This newspaper has come forward in exposing the injustices created when a 17-year-old child, Ryan Ferguson, was framed for a murder he did not commit so that the prosecutor in the case could look good for “winning” and become a judge; and so far the man is still on the bench and the innocent man is still behind bars with Governor Nixon doing nothing to right another injustice and government wrong.
After several local attorneys contacted the Las Vegas Tribune to complain about the mistreatment they were receiving from the marshals at the Regional Justice Center, and I personally took the matter to the county commissioners, the South Gate was reopened and the long lines of people in front of the Regional Justice Center ended.
Do we know those people waiting on line in front of the Regional Justice Center? Probably not, but we felt that it was necessary to do something about it because the reporters (all of them) covering the courthouse for the daily newspaper never did anything until we wrote about it.
Probably someone saw me in front of the county commissioners speaking on behalf of those attorneys and the unfair treatment they have been receiving, and on behalf of the people of Las Vegas who were forced to stay in those long lines under any weather conditions, and *then *they decided to “do something about it right away.”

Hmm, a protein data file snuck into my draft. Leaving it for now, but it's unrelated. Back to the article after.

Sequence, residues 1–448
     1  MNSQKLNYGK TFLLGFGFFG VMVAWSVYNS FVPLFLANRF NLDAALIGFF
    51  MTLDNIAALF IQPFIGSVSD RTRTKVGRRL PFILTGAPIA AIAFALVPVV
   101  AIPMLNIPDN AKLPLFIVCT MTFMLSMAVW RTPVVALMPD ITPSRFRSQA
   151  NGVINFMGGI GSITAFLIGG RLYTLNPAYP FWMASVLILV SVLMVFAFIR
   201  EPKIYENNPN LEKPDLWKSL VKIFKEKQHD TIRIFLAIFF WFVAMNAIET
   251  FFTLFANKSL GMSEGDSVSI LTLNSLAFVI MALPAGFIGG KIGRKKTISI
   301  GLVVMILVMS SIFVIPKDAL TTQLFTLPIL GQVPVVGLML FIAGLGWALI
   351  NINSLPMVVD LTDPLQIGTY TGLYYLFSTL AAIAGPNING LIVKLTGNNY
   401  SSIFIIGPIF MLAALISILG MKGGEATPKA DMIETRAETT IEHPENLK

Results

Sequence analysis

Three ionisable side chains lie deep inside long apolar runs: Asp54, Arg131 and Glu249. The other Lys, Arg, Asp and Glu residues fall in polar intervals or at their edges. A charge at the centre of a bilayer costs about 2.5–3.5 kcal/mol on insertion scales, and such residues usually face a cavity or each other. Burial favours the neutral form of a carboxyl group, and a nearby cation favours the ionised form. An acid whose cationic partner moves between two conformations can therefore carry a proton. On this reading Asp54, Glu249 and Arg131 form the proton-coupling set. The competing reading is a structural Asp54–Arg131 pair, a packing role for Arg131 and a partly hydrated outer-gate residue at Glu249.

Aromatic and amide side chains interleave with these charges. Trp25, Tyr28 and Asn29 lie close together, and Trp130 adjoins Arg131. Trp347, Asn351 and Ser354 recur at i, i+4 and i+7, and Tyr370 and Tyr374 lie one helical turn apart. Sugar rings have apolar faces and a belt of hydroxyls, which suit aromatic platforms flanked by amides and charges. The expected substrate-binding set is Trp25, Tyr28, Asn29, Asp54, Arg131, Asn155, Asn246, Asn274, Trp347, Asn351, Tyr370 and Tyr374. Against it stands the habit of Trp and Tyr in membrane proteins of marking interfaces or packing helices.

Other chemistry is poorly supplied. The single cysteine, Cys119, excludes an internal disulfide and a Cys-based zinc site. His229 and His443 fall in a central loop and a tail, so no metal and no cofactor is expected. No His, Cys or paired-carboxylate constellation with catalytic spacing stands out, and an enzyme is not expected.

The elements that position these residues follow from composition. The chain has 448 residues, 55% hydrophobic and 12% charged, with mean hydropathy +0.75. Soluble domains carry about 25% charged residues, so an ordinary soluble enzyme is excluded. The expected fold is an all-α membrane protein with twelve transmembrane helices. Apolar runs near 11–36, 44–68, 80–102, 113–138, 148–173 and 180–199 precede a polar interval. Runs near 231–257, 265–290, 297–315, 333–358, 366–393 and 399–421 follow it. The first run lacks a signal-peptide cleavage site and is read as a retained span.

Do I benefit by taking time from my busy schedule to speak on behalf of those attorneys or on behalf of those people standing on line that most likely I don’t even know? My only benefit is the satisfaction of doing what needs to be done to right a wrong.
I would not call any particular county commissioner a friend, but I used to like most of them, until they teamed up to destroy and to dismiss — for some ulterior motive — the elective office of the Constable in Clark County; after that I lost respect for them.
It bothers me when elected public servants, supposedly acting on behalf of their constituents, personally benefit from the action they take.
The last time I had any contact with Constable John Bonaventura was in May 2011, six months after he took office, when the two of us and eight other people had lunch at the Golden Nugget.
Later on, his mouthpiece — Lou Toomin — told me that the Constable does not like me, probably because the Las Vegas Tribune did not endorse him and I, personally, did not support him.
And because I don’t give a flying fig, I never saw him after that.
But again, in all fairness and as I told County Commissioner Chris Giunchigliani during a telephone conversation, what they did to the people of Las Vegas Township is wrong and it is inconceivable.
Bonaventura is going to finish out his term; after that the elected office will be closed, eliminated — so who will be losing? The people of the Las Vegas Township that are losing an elected office, or the constable, who most likely would not have been reelected?
John Bonaventura most likely will go on to run for another public office, as professional politicians do, and the only “one” losing will be the people of Clark County.
If my “modus operandi” and my loyalty to the community I love is a reason for critics to try to put me down and for some people to be unhappy with me, I can live with that, as long as someone benefits from the results of what I do.
In God I Trust. Have a Happy 4th of July, and may God Bless America!
My name is Rolando Larraz, and as always, I approved this column.